Interesting Theory

May 17th, 2003  |  Published in Uncategorized

The Scobleizer Weblog says the Google/Orlowski/blog noise thing was a trial balloon, pushed out the door under pressure from advertisers, who aren’t pleased that personal, honest communication might rise to the top over their favored forms: the press release rewrite and the brochure site.

I don’t think that’s a nutty idea, but Scoble isn’t citing much more than “sources of his own” who want to remain anonymous. I’m guessing it’s a little less clear a story than he suggests, but speaking from the personal experience of a few years in print and Web journalism, if Google’s under that kind of pressure, it’s nothing new and it’s not a paranoid flight of fantasy to suggest advertisers have been pretty upfront about the whole “blog problem” (note the scare quotes) in their communications with Google. Advertisers hate unvarnished opinion turning up anywhere near pictures of their product. From their point of view, it dilutes the value of a banner if there are ten comments from people down on the other end of the page calling the product crap, and they aren’t afraid to say so to the marketing departments of media outlets trying to sell them ad space.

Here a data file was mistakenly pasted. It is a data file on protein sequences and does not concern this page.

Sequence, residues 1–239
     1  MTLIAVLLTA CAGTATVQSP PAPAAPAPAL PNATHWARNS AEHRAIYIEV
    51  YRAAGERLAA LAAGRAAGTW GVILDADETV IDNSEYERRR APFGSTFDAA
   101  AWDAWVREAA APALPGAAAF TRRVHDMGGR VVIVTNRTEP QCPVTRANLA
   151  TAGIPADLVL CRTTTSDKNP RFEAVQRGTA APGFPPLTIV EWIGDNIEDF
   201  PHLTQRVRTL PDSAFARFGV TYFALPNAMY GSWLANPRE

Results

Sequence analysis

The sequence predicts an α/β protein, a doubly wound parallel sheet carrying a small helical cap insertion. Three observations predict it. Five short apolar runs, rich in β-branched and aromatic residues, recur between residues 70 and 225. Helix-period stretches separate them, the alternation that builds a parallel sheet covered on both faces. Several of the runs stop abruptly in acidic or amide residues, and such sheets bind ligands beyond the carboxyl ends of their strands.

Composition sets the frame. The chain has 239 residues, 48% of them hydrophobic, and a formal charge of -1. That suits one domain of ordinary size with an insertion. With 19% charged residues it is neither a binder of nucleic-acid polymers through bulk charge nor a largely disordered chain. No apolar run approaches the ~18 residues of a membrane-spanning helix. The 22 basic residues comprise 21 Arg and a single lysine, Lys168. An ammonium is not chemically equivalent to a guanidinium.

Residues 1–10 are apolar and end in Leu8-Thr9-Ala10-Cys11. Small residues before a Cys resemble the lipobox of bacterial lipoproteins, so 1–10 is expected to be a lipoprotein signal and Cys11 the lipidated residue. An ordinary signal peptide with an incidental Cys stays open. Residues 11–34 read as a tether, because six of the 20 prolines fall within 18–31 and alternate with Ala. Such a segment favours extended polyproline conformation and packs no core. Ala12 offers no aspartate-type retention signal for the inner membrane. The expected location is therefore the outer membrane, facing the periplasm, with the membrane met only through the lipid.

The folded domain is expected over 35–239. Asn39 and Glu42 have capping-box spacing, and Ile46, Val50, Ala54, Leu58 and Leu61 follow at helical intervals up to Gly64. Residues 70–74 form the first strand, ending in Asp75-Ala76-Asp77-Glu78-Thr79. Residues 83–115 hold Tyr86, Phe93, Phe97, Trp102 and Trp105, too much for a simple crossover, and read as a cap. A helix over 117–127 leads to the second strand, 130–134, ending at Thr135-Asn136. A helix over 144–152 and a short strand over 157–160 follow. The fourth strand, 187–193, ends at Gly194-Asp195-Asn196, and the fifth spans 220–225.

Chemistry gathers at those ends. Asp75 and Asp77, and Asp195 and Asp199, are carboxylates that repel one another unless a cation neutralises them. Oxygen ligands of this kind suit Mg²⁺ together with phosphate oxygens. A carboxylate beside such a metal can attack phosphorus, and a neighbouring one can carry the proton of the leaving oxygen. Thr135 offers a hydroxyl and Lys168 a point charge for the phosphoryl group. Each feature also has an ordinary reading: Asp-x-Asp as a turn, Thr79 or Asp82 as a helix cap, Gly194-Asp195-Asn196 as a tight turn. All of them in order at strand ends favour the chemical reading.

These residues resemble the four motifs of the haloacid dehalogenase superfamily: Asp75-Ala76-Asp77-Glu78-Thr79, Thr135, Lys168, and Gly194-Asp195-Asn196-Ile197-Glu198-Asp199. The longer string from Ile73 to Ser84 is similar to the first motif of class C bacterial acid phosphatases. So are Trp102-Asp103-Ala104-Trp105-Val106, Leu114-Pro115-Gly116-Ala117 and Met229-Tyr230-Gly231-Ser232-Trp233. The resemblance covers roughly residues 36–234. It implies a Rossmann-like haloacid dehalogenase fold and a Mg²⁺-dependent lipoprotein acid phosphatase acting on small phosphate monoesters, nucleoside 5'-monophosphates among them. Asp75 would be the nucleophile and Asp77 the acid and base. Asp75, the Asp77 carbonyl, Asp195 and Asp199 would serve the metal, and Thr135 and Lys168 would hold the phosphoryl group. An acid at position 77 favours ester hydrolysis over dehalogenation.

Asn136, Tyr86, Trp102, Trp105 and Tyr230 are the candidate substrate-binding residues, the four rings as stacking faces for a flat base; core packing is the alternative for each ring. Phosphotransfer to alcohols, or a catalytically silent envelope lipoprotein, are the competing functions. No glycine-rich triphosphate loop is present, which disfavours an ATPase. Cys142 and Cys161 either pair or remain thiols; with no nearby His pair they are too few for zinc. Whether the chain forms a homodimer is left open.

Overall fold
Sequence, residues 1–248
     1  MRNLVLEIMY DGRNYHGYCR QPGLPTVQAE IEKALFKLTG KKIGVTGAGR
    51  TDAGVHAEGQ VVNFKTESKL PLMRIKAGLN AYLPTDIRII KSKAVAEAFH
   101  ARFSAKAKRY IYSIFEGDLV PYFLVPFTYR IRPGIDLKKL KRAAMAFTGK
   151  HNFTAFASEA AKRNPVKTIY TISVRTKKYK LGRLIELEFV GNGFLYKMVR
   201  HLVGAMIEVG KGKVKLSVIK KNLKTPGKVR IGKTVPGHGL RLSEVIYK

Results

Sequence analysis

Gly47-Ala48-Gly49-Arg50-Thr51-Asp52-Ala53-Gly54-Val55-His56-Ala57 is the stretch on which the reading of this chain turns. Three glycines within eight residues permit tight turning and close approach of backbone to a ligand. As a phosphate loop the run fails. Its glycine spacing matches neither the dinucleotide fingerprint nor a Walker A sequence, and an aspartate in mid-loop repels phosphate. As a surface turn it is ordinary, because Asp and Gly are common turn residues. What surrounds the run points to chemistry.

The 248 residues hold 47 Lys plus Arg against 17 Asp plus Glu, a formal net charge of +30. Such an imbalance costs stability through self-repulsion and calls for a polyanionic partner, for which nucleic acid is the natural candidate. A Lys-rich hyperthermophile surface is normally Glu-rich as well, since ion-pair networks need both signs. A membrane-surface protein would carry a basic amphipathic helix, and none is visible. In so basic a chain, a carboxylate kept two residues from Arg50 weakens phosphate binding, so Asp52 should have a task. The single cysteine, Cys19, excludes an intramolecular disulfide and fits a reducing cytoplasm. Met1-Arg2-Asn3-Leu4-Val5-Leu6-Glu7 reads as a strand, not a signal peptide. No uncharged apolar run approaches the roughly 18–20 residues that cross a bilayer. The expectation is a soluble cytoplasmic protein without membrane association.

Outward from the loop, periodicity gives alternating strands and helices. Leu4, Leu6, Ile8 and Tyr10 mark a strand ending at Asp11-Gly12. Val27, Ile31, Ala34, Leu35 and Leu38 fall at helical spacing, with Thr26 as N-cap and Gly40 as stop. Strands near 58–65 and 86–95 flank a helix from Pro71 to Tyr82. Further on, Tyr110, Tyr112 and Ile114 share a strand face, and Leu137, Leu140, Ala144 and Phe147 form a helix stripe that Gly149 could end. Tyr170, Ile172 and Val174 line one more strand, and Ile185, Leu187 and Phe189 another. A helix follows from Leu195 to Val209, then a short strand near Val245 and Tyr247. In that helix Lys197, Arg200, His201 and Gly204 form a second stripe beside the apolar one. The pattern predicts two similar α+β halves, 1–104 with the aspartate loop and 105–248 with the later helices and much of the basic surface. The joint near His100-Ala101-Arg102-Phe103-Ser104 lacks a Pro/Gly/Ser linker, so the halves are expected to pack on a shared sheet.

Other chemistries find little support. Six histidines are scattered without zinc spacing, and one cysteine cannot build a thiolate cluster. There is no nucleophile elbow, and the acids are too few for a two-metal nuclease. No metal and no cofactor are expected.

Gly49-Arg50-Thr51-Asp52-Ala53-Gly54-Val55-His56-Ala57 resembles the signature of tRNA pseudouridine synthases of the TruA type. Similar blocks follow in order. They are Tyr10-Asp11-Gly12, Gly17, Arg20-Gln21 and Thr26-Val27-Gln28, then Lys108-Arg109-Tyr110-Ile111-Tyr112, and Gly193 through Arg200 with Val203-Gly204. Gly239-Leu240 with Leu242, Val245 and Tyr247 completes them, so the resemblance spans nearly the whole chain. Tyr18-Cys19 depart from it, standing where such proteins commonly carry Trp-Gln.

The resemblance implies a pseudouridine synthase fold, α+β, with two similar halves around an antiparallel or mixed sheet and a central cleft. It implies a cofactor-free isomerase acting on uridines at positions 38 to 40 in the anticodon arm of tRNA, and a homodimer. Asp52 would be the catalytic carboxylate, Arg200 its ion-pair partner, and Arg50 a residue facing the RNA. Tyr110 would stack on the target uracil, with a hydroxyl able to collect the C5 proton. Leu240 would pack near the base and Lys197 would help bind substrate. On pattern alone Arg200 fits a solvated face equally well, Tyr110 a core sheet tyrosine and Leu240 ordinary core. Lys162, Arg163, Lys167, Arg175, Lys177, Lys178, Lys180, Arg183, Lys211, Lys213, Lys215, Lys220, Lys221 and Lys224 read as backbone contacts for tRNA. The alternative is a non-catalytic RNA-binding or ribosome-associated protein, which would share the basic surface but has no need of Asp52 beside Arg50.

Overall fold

This is always framed in the most reasonable sounding terms, too. I’ve seen publicists appeal to the vanity of professional editors (me included) more than once. The relationship they try to establish is one of “the reasonable people/the professionals” vs. the uninformed, unreasonable amateurs. It’s an attempt to disconnect journalists from their public, and it often works because, frankly, doing journalism on the Web is a grind. You deal day in and day out with cranks who turn up in your inbox castigating you for this detail or that, and you have to flap out in the open, knowing that on some Web sites, the reader comments are held to less of a standard than letters to the editor of a podunk rural weekly, if they’re held to a standard at all. You either toughen up, or you start becoming timid, making only the safest assertions, because you get tired of being blindsided and sniped at by people who get to retain their anonymity while they try to trash your reputation.

Some journalists keep their chin out, others just identify what their audience likes and become cheerleaders for it knowing they’ll get dinged less if they ape the right line, and others get sick of it and quit. Publicists know this dynamic is at work (one went so far as to apologize to me for the abusive, anonymous comments of his clients after I tore up a product in a review) and they work that angle.

Google’s in a different position, but the advertisers are going to be no less quick to figure out ways to talk down the relative value of non-commercial, non-professional speech. It’s an issue beyond “blogs” vs. “non-blogs,” and I hope mainline bloggers figure that out, their enthusiasm for their favored form of media production notwithstanding.

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